Crews battling a 6,000-acre wildfire scrambled to burn off heavy brush near homes Thursday before an expected resurgence of the hot, dry Santa Ana (search) winds.

By morning, the day-old blaze was 25 percent contained, up from 5 percent the night before, and flames had retreated from a freeway's edge, said Rick Griggs, spokesman for the state Department of Forestry and Fire Protection (search).

The blaze had threatened about 100 homes in a sparsely populated area about 60 miles east of Los Angeles (search), and residents of about 20 homes had been encouraged to evacuate, but those residents were told they could return, officials said.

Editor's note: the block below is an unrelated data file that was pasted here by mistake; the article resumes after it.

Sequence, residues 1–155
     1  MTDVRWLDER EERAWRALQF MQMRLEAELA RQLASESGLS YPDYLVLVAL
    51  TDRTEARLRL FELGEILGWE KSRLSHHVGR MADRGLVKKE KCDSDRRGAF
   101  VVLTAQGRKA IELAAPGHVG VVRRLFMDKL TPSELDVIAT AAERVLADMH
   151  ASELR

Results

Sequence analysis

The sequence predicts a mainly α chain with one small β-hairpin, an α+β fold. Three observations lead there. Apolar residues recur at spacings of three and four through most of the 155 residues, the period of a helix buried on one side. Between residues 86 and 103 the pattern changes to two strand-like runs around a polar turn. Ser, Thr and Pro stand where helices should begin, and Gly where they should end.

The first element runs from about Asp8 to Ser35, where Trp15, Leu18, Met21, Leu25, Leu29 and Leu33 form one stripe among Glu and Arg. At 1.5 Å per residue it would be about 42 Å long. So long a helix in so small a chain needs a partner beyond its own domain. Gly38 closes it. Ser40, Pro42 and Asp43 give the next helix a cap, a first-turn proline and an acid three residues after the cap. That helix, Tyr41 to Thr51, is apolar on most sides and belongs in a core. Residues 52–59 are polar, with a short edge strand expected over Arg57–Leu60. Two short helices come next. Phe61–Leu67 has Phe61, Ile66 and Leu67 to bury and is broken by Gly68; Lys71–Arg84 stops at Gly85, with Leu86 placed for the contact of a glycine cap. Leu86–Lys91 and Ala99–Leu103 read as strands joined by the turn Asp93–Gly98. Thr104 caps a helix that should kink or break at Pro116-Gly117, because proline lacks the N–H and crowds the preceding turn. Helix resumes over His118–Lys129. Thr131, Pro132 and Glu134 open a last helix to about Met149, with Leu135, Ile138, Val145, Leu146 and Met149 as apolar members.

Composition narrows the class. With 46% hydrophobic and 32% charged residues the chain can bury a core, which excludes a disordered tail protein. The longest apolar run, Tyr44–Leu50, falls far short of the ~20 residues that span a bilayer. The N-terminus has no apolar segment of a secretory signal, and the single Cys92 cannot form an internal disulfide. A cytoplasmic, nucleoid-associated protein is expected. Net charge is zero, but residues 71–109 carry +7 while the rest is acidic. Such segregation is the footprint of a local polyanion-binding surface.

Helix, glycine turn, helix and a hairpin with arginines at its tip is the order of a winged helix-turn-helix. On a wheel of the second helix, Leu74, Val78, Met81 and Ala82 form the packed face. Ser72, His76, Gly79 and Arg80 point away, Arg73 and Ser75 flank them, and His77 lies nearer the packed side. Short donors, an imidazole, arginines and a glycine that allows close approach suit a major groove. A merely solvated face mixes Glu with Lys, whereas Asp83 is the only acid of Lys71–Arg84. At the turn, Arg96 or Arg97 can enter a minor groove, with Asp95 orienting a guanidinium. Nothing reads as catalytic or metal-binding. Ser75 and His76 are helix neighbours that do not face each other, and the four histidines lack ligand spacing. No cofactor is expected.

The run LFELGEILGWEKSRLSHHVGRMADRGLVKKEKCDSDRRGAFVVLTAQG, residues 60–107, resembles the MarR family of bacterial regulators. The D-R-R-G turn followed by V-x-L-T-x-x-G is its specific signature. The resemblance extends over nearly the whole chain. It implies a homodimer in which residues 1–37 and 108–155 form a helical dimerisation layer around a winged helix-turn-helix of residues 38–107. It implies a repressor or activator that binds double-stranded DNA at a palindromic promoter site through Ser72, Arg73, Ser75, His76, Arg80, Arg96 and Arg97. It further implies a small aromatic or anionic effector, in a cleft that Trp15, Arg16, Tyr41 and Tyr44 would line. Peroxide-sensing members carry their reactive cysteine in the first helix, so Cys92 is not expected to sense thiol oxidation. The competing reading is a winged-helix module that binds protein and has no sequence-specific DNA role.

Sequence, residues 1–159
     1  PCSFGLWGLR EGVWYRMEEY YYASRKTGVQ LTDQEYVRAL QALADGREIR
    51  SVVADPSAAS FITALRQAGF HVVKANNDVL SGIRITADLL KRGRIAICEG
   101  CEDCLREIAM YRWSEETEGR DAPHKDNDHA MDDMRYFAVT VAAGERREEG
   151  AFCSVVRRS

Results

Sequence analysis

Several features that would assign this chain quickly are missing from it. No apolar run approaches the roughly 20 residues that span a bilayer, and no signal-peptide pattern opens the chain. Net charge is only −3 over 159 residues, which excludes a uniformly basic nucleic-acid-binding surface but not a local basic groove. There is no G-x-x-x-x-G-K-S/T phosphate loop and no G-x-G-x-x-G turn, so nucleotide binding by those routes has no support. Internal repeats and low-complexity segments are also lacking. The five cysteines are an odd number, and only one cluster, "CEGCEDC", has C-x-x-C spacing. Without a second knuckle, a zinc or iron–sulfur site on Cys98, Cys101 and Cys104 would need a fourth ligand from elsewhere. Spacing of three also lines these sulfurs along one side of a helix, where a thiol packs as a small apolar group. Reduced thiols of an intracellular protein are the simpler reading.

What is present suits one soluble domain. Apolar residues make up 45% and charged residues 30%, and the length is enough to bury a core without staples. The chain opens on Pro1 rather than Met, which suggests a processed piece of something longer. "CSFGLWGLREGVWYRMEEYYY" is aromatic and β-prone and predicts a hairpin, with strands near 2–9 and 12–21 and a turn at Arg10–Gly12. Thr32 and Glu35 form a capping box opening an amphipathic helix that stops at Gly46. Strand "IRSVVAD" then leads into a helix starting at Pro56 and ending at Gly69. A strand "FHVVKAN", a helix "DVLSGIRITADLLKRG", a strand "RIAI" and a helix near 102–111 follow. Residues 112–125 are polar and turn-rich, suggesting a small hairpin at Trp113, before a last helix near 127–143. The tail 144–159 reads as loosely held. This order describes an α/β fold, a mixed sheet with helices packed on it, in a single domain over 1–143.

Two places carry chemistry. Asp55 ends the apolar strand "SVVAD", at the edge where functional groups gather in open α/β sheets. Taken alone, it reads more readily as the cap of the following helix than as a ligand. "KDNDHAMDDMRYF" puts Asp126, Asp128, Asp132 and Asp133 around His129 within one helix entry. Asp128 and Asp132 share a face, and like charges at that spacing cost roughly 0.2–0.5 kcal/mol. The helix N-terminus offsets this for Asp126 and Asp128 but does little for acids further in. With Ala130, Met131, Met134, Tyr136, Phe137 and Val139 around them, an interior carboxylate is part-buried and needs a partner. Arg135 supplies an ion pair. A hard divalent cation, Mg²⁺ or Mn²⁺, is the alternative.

"The weather was definitely in our favor," forestry fire Capt. Jason Neuman said.

Officials were also working to reopen the 60 Freeway, which was closed near San Timoteo Canyon on Wednesday after a wall of flames roared up to its edge, Griggs said.

While the fire no longer threatened the highway, troopers wanted to inspect the pavement for damage before letting traffic return, he said.

Winds were expected to increase later in the day, with gusts of up to 45 mph, low humidity and temperatures in the 90s.

Meanwhile, a wildfire that started in Mexico jumped the U.S. border and burned Wednesday across 1,640 acres on the American side, officials said. It was about 10 percent contained. The blaze, which totaled about 2,640 acres, was sparked by a structure fire in Mexico, officials said.

In San Bernardino County, a 935-acre fire burning in rugged terrain in and around San Bernardino National Forest was 85 percent contained Wednesday, said Robin Prince, a forest spokeswoman.